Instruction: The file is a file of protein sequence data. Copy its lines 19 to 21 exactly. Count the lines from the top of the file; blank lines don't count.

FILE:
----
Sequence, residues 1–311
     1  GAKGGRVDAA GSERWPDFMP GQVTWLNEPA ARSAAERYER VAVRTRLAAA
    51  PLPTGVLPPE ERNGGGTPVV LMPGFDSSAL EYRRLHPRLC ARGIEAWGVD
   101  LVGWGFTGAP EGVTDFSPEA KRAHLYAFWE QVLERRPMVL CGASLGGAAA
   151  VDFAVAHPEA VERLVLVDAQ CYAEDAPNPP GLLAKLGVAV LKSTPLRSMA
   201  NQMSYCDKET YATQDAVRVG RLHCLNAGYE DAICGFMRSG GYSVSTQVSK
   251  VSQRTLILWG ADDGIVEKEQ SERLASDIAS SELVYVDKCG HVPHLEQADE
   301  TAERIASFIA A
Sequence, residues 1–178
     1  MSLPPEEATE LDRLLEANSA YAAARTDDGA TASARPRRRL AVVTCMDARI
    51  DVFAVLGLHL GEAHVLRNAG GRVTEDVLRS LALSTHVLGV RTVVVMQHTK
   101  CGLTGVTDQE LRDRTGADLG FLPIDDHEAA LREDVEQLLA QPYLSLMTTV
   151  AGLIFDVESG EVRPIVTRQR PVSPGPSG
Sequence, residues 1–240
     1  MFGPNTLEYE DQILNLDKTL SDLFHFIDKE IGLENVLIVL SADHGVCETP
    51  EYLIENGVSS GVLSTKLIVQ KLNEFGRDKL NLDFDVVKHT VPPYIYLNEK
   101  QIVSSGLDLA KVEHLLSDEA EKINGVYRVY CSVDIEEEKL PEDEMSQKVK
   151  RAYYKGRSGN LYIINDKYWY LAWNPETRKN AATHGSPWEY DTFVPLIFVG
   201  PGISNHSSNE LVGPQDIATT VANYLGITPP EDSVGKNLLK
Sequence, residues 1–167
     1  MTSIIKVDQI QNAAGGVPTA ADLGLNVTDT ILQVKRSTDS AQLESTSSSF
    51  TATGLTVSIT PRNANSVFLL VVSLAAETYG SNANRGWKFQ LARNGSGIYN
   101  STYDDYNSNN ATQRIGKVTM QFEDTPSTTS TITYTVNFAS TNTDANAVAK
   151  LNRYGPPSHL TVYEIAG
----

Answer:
   201  PGISNHSSNE LVGPQDIATT VANYLGITPP EDSVGKNLLK
Sequence, residues 1–167
     1  MTSIIKVDQI QNAAGGVPTA ADLGLNVTDT ILQVKRSTDS AQLESTSSSF